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GiveLife.ca

    
Director Stephen Frears' latest film The Grifters received a gala screening at Toronto's Festival of Festivals

DEIRDRE KELLY

September 15, 1990

THE director of Sammie and Rosie Get Laid, My Beautiful Laundrette and Dangerous Liaisons sits in a small crowded room at the Sutton Place Hotel batting his big baby blues at the flash of the camera and looking as if he might like to be elsewhere.

Stephen Frears , whose latest film The Grifters had its gala screening at the Elgin theatre last night, is actually a modest, unassuming man who doesn't like the camera's bright lights - or really any sort of limelight.

He said he was genuinely surprised when Martin Scorsese handed him Donald Westlake's script of The Grifters, based on the shadowy crime novel of the same name by Jim Thompson, and told him he was the only one he wanted to direct the film.

Surprised, because he never assumed he was good enough to attract such attention. This from the man whose Dangerous Liaisons picked up seven Oscar nominations, including Best Picture, and won three awards.

His modesty is based on a fundamental belief in the fickleness of the world.

You may be up one moment, down the next, and Frears never wants to assume he's a sure thing when tomorrow he may fall.

"I wish there was a home banker," the English director laughed when asked if he didn't feel secure enough now following the tremendous successes of his last three films. "But people have a nasty habit of taking it all away."

The Grifters is his first American project and Frears welcomed the chance to make it.

"The truth was I was out of work at the time. I had just stopped Dangerous Liaisons and was looking for something else to do. Clearly, I was interested in making American films, for 50 years I had been watching them and developing in my mind a mythology of America. With this film a door opened and acted like a bridge, bringing me from England to here."

He said he approached America like a foreign country, which, of course, it was to him. Even Westlake's script seemed as if written in a strange tongue. Frears, who has worked with several English writers, among them Christopher Hampton, was unaccustomed to Westlake's peculiar turns-of- phrase, precisely because they struck him as so foreign, so Yank.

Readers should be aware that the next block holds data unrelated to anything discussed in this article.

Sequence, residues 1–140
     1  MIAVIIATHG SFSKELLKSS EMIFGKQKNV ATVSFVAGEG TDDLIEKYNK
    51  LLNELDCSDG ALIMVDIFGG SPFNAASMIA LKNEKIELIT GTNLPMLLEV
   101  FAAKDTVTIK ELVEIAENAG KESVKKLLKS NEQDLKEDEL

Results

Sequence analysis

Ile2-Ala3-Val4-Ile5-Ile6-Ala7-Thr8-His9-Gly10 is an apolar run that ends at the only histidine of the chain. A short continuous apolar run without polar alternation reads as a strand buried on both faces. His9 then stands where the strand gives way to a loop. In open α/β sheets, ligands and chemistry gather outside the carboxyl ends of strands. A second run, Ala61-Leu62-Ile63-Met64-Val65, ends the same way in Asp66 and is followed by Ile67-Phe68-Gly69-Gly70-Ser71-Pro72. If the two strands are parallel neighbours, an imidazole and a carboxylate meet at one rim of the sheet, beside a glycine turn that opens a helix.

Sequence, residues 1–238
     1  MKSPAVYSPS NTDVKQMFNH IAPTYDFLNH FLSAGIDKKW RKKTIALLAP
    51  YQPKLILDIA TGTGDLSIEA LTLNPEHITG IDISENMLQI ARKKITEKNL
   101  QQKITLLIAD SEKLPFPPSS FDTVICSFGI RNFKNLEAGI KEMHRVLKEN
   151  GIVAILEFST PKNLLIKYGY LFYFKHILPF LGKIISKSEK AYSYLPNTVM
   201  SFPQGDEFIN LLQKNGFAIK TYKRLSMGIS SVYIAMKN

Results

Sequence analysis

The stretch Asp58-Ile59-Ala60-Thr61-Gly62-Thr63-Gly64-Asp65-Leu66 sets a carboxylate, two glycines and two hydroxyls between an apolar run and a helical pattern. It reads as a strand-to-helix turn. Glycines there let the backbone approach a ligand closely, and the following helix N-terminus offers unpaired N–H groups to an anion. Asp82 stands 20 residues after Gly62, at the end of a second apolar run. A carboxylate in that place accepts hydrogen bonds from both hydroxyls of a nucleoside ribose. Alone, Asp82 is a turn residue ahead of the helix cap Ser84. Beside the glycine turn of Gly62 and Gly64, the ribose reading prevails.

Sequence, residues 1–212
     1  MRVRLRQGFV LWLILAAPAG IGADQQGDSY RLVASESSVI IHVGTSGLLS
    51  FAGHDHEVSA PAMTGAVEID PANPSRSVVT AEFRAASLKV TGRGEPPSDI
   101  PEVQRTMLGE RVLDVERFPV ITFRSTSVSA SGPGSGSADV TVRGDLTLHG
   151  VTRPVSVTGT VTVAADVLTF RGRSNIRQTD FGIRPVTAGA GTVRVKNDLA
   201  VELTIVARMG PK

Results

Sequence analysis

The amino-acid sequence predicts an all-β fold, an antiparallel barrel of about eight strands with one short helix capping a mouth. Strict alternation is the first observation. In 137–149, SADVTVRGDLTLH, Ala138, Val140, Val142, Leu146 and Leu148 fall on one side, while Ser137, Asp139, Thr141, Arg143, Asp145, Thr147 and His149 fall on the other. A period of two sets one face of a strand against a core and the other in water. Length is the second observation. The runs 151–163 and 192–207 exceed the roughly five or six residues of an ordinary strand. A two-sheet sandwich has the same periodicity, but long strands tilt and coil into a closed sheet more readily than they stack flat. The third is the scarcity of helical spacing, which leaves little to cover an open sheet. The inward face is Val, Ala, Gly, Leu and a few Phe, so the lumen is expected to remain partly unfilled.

He found that he had to find some kind of common ground that would link his typically English mind with Westlake's pungent American portrait.

And that was Thompson's original story.

"I loved the tone of Thompson's book. The writing's tough and very stylistic; there's an ironic and emotional quality I like so much. It's as if pulp fiction meets Greek tragedy."

The film is tragedy wrapped in cheap, sleazy colors.

Actors John Cusack (who also attended last night's screening), Angelica Huston and Annette Bening all play con artists (or grifters) who use appearances to hoodwink their victims. Huston is Lilly, a lackey for the mob; Cusack plays Roy, the son Lilly had at age 14, and Bening plays his girlfriend Myra.

Originally, Frears wanted to cast Melanie Griffiths in the role of Lilly, because he was interested in doing a film "about how shocking it would be to have a mother who looked like your sister." Griffiths was pregnant at the time of casting and backed out of the project. Frears then set out to make "another movie," in reality the same one but with a different idea, and scouted for actresses. Huston was the last one he looked at and even then was reluctant because he thought her look was all wrong.

"It's awful to say this, but in the end I wanted somehow to violate her," he said. "I'm ashamed of the words, but that's what I had to do. She's a lady, Angelica. She's like Princess Margaret. You have to do something very very cheap to break through that look."

And by cheap he means putting a bleached blonde wig on her head and sheathing her in vulgar clothes.

Lilly, despite her blonde hair, doesn't end up having a lot of fun in the film. She's beaten and burned by her mob master, almost strangled to death in a cheap hotel in the Arizona desert and forced to betray her son while running for her life.

Similarly, Bening's character receives her share of bumps and bruises. Cusack's character beats her in one scene, something which Cusack defended as necesssary to the story.

But Frears, who directed the scene, is more apologetic.

"It's terrible," he says with a shiver. "It's a curse, I think, men hitting women, and it's terrible to have to deal with it. It gives me no pleasure to have to put it in a film. But there must be some reason why that sort of thing constantly recurs. Maybe unconsciously it is something that we're constantly trying to work out."


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